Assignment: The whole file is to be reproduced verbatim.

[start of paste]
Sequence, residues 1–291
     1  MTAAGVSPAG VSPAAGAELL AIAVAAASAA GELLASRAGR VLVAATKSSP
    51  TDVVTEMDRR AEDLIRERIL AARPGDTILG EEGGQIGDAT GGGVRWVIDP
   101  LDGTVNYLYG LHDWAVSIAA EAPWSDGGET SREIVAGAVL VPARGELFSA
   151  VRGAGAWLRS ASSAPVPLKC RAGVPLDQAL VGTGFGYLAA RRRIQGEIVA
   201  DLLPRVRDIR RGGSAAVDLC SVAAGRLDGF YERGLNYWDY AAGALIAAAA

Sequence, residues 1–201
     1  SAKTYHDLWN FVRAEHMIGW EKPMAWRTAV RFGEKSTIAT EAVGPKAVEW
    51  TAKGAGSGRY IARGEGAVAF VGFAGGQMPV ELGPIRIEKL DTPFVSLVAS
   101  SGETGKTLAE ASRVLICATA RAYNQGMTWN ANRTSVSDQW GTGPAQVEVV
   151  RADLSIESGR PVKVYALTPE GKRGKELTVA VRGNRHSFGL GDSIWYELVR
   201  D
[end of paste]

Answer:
Sequence, residues 1–291
     1  MTAAGVSPAG VSPAAGAELL AIAVAAASAA GELLASRAGR VLVAATKSSP
    51  TDVVTEMDRR AEDLIRERIL AARPGDTILG EEGGQIGDAT GGGVRWVIDP
   101  LDGTVNYLYG LHDWAVSIAA EAPWSDGGET SREIVAGAVL VPARGELFSA
   151  VRGAGAWLRS ASSAPVPLKC RAGVPLDQAL VGTGFGYLAA RRRIQGEIVA
   201  DLLPRVRDIR RGGSAAVDLC SVAAGRLDGF YERGLNYWDY AAGALIAAAA

Sequence, residues 1–201
     1  SAKTYHDLWN FVRAEHMIGW EKPMAWRTAV RFGEKSTIAT EAVGPKAVEW
    51  TAKGAGSGRY IARGEGAVAF VGFAGGQMPV ELGPIRIEKL DTPFVSLVAS
   101  SGETGKTLAE ASRVLICATA RAYNQGMTWN ANRTSVSDQW GTGPAQVEVV
   151  RADLSIESGR PVKVYALTPE GKRGKELTVA VRGNRHSFGL GDSIWYELVR
   201  D